- The Citizenship (Amendment) Bill, 2016 was passed by the Lok Sabha in January this year but lapsed as it was not tabled in the Rajya Sabha. It had proposed to amend the original Citizenship Act of 1955. After returning to power with a majority for another term, the government is trying to resurrect the Bill.
About the Bill
- The Bill had mandated that those who cross the border to India from Afghanistan, Bangladesh and Pakistan and belong to “minority communities”, namely, Hindus, Sikhs, Buddhists, Jains, Parsis and Christians, would not be treated as illegal immigrants despite having entered the country without valid documents or with travel papers that had expired.
- They would not face deportation under the Passport (Entry into India) Act of 1920 and the Foreigners Act of 1946.
Need of the Bill
- Many persons of Indian origin including persons belonging to the six “minority communities” had been unsuccessfully applying for citizenship under the Citizenship Act of 1955 but were unable to produce proof of their Indian origin. Hence, they were forced to apply for citizenship by naturalisation which prescribes 12 years’ residency as qualification.
- The Bill stated that such a long-drawn process denies illegal immigrants from these six minority communities of the three foreign nations “many opportunities and advantages that may accrue only to the citizens of India, even though they are likely to stay in India permanently”.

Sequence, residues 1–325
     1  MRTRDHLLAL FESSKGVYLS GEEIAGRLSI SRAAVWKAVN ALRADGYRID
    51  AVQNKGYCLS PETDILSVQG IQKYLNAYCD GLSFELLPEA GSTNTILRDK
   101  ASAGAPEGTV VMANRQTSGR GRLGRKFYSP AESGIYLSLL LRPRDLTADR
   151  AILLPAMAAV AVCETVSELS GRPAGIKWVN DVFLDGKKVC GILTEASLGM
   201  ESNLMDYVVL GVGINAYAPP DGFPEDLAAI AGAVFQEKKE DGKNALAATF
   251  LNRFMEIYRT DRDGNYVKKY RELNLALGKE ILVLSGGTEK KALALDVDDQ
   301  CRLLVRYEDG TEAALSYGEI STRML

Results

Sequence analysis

- The amendment shortened the period of residency from 12 to seven years for gaining citizenship by naturalisation.
- The Bill had also empowered the government to cancel registration as Overseas Citizen of India in case of any violation of the Citizenship Act or any other laws.
Concerns regarding the bill
- Critics say that the bill violated the basic structure of the Constitution. By distinguishing illegal immigrants on the basis of religion, the proposed law goes against constitutional guarantee of the fundamental right to equality under Article 14 of the Constitution. The protection of Article 14 applies equally to both citizens and foreigners.
- The Bill would hamper the Assam National Register of Citizens (NRC), which defines all illegal immigrants, irrespective of religion, on the basis of a cut-off date.
- The Citizenship Bill is also seen as a move to subvert the Assam Accord of 1985. The Accord deems any person who cannot prove his ancestry beyond March 24, 1971 as an alien. It does not differentiate on the ground of religion in this aspect.
Source: PRS India & TH